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Liberals, Conservatives Alike Praise High Court's Religious Accommodations Ruling

Liberals, Conservatives Alike Praise High Court's Religious Accommodations Ruling

Rosary and Supreme Court building

The court set a new standard for consideration of religious accommodations in the workplace but did not rule on the merits in the case of a man who refused to work Sundays because of his Christian beliefs.

The U.S. Supreme Court’s Thursday ruling on religious accommodations in the workplace appears to be something both liberals and conservatives can get behind.

In Groff v. DeJoy, postal worker Gerald Groff had sued the U.S. Postal Service because of a requirement that he deliver packages on Sundays, when he declined to work because of his Christian beliefs. He had joined the postal service in 2012, partly because it then required no Sunday work, but soon afterward the service began doing the Sunday package deliveries under a contract with Amazon. He still refused to work Sundays.

“His absences on Sundays led co-workers to quit, transfer or cover for him,” The Washington Post reports. After being disciplined, he resigned and sued the postal service for religious discrimination. He lost at the trial and appeals court levels, but the Supreme Court delivered a more favorable ruling Thursday, although it did not weigh in on the specifics of his case.

In the unanimous ruling, the court held that employers should accommodate workers’ religious practices unless doing so would impose a substantial hardship on the employer’s business. It did not rule on the merits of Groff’s case but sent it back to a lower court to decide according to that standard instead of one in a 1977 case, TWA v. Hardison, that said employers could reject accommodations if they imposed even a minimal cost.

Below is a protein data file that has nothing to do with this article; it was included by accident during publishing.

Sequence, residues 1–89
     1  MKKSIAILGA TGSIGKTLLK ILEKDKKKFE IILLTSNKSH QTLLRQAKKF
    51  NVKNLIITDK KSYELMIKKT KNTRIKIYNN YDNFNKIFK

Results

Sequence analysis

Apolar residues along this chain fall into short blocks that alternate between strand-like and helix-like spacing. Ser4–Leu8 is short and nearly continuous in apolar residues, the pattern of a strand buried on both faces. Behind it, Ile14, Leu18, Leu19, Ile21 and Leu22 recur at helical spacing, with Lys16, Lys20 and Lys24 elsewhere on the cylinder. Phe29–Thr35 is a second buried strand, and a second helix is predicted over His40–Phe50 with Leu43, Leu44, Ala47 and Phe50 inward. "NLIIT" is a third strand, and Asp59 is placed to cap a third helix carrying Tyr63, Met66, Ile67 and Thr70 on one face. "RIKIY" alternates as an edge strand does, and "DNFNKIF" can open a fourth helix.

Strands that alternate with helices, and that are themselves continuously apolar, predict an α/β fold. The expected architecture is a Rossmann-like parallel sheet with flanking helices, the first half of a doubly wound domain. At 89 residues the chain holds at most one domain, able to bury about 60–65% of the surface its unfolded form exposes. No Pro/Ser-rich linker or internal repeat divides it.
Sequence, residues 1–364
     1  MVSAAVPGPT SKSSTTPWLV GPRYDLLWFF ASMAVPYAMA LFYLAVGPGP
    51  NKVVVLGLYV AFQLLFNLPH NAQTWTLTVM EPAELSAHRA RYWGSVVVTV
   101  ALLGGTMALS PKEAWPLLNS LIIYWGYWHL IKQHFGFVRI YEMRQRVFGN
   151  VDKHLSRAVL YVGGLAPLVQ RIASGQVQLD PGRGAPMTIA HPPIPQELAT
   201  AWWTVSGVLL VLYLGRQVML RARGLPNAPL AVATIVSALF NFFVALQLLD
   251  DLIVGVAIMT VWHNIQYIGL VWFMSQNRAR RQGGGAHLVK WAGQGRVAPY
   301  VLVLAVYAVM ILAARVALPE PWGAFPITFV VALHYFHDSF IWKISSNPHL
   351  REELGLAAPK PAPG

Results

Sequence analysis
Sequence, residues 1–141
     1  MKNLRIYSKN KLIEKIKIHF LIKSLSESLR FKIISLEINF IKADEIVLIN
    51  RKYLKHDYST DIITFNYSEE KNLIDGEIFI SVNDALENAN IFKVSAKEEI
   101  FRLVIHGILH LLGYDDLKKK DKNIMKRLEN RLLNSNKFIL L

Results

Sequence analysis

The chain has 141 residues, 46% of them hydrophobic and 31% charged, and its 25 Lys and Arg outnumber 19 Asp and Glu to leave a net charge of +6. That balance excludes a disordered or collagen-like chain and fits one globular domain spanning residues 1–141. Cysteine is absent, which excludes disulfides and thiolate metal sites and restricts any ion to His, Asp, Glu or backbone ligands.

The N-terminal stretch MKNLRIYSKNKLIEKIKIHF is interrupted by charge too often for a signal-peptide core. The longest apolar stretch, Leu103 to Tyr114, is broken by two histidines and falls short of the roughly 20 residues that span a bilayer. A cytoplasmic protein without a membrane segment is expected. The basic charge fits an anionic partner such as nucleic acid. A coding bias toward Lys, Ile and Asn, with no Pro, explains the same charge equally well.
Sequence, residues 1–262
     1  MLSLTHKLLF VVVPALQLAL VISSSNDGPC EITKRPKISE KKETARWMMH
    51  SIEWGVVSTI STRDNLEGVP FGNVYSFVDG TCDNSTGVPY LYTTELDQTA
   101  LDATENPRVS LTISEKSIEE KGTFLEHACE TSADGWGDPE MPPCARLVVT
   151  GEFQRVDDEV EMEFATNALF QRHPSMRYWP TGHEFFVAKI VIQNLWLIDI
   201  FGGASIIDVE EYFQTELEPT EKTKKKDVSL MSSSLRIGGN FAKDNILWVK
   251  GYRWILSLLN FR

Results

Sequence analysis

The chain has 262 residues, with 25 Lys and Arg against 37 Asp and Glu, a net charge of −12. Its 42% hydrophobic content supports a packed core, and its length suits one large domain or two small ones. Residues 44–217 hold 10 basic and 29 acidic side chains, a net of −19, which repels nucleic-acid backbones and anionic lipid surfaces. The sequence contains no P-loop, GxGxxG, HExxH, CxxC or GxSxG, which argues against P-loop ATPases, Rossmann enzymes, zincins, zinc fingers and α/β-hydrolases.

“This highly flexible new rule might potentially be used by far-right judges to give religious conservatives an unfair upper hand in disputes with their employer’s human resources department. Such is the price of vague legal rules,” legal scholar Ian Millhiser wrote at Vox.

“That said, the actual holding of Groff — that most requests for religious accommodations should be granted, and that an employer cannot dodge this obligation because it might impose minimal costs on the employer — is largely benign. Indeed, it is likely to benefit many employees who make reasonable requests for accommodations that might have been denied under an earlier, less employee-friendly rule.”

Conservative Justice Samuel Alito wrote the opinion, but he didn’t “take sides in America’s culture wars in the same way that he did in Hobby Lobby and similar cases,” Millhiser wrote. In 2014’s Burwell v. Hobby Lobby decision, Alito wrote for the court’s majority that even a for-profit business such as Hobby Lobby could ignore the Affordable Care Act’s mandate for contraceptive coverage in employee health plans if the employer objected on a religious basis.

Lambda Legal, which handles cases involving the rights of LGBTQ+ people and those living with HIV, praised the Groff ruling, albeit with some caveats.

“It is gratifying that the Supreme Court today recognized that employers may consider the effect a requested accommodation has on others in the workplace in assessing whether the accommodation would substantially burden the conduct of its business,” Karen Loewy, senior counsel and director of constitutional law practice at Lambda Legal, said in a press release. “While antidiscrimination laws absolutely require accommodation of religion, some requested accommodations unfairly burden coworkers, impact workplace morale, and expose coworkers to dignitary harms in ways that impose costs and harm the business itself. We must remain vigilant as lower courts apply this standard, particularly where a requested accommodation would result in coworkers facing hostile, discriminatory statements or conduct at work.”